Ladybird began with story circles conducted with the parents of the children in 24th Street’s arts education program, who responded to the question, “What are the things that we carry?” Creators Victor Vazquez and Laurie Woolery then wove the shared stories of love, loss, immigration, and tradition into a play performed by these parents (dubbed the Teatro del Pueblo ensemble) for their children, family, and friends. After the performance, the cast and audience participated in a posada: a procession around the block then back to the theater where the kids got a whack at a piñata and everyone enjoyed tamales.

Much of the audience wept as they listened to their family and friend’s stories about, in Chima’s words, “what they went through and what they are now.” Casa0101’s Lopez highlighted the importance of such storytelling in the Latino community:

I am happy if white people come, I think that’s great, but I really feel like we need to heal a lot of wounds that have been unacknowledged. We need to present those stories so people can cry about all the wounds and oppression that sometimes we’re not even conscious of. We need to acknowledge the stories that were left out of the history books. And it’s an opportunity even for the children and grandchildren to cry about the pain and the sacrifice of their fathers. It’s wonderful to see people crying with their fathers.

Commonalities like this exist between Latino theater companies in Los Angeles and across the country. At HowlRound’s Latina/o Theatre Commons convening last November, Rodriguez discovered that “several of us do a Christmas pageant, which indicates that there’s definitely a dedication to large-scale community pieces. Most of us are doing new work as well and classics from the Latino canon, which is still young and still developing,” and everyone is investigating the definition of Latino theater. Fernandez, on the other hand, noted one major difference between Latino theater in LA and in other cities:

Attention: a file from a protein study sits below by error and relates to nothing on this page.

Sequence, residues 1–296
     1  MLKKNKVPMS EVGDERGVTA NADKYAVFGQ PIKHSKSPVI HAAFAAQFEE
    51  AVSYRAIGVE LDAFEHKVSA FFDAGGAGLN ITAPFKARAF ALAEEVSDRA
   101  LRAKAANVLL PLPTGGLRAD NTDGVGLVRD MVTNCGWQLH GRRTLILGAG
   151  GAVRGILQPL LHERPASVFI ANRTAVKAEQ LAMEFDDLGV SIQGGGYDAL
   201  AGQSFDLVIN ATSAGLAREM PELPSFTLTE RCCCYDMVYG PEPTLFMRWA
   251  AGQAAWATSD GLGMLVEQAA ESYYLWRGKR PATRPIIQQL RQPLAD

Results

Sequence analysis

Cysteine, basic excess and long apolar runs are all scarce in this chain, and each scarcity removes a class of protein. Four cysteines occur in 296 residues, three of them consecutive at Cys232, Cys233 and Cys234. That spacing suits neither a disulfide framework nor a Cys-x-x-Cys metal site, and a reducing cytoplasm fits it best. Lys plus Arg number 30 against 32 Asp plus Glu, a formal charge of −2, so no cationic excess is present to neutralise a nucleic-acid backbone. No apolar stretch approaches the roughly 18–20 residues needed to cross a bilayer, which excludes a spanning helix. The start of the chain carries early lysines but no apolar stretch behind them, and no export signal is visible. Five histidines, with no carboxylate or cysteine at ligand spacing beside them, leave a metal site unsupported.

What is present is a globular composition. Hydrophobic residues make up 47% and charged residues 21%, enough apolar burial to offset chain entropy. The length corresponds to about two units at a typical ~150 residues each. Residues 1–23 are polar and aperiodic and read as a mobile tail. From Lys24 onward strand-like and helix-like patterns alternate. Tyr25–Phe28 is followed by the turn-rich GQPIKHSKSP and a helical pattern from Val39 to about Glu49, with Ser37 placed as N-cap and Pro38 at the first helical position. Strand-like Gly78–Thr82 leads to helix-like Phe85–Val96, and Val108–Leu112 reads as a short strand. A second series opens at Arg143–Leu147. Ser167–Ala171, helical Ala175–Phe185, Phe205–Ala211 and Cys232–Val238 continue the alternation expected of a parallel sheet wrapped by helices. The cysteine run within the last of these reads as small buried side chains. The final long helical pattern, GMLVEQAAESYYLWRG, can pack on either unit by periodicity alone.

There’s so much Latino theater in LA, so many groups creating work in different communities. Not everybody is making theater the same way, and what is so different with LA theater makers is that their dream is not to get into the regional theaters. They’re happy making theater in their community and they’re doing important work in their community. Not everyone has their eye on being on the Taper stage or the South Coast Repertory stage.

Fernandez acknowledged that not everyone can afford that kind of focus: “I’m in a very unique situation: I’m a playwright that writes for a specific company. We have our own theater. I know my plays are going to be produced. And I understand that most playwrights want to be at Steppenwolf or the Taper or the Public or any of the regional theaters. But I wish that we could understand our value without having to make that our ultimate goal. We have the numbers, we have the talent, I wish we could create an independent Latino theater movement.”

I have no excuse for not speaking Spanish. Those with younger brains have an opportunity to avoid my mistake, and they would be well advised to do so. When the Census Bureau reported that America’s white majority will be gone by 2043, Mark Hugo Lopez, Associate Director of the Pew Hispanic Center, noted that “The rapid growth in the Hispanic population, coupled with the young Latinos who make up the largest minority group on the nation’s college campuses, has serious implications for the nation’s labor market and economy.”

The implications for American theater are just as great. Whether Latinos begin a theater movement of their own and/or begin to get produced on regional and Broadway stages in representative numbers, given that 49.9 percent of Americans under five are racial or ethnic minorities, Latino theater may soon be more American than Arthur Miller.

Originally published by HowlRound

The Society of Stage Directors and Choreographers Foundation recently hosted a panel discussion on diversity in Southern Californian theater at the Pasadena Playhouse. “Diversity: Through a Director’s Eye” featured Tim Dang, Artistic Director of East West Players; Seema Sueko, Associate Artistic Director of Pasadena Playhouse; Christopher Ashley, Artistic Director of La Jolla Playhouse; Marc Masterson, Artistic Director of South Coast Repertory; Jessica Kubzansky, co-Artistic Director of The Theatre @ Boston Court; Barry Edelstein, Artistic Director of The Old Globe; Sheldon Epps, Artistic Director of Pasadena Playhouse; and Michael Ritchie, Artistic Director of Center Theatre Group.

For a panel on diversity, the participants were not very diverse: Dang is of Asian descent, Epps is black; and Sueko is a half-Japanese, half-Pakistani, Muslim American. In other words, five of the panelists were white. Only two were women. None were Latino.

Early on, Jessica Kubzansky of Boston Court mentioned that her perspective on the necessity of developing a diverse audience, casting a diverse range of actors, and producing a diverse range of shows was completely changed when she attended a previous panel on which Tim Dang also spoke. To that end, I can understand why the organizers might have believed that inviting white male artistic directors of major theaters to participate might ultimately produce results: They, like Kubzansky did, could have heard something that will effect genuine changes in their programming.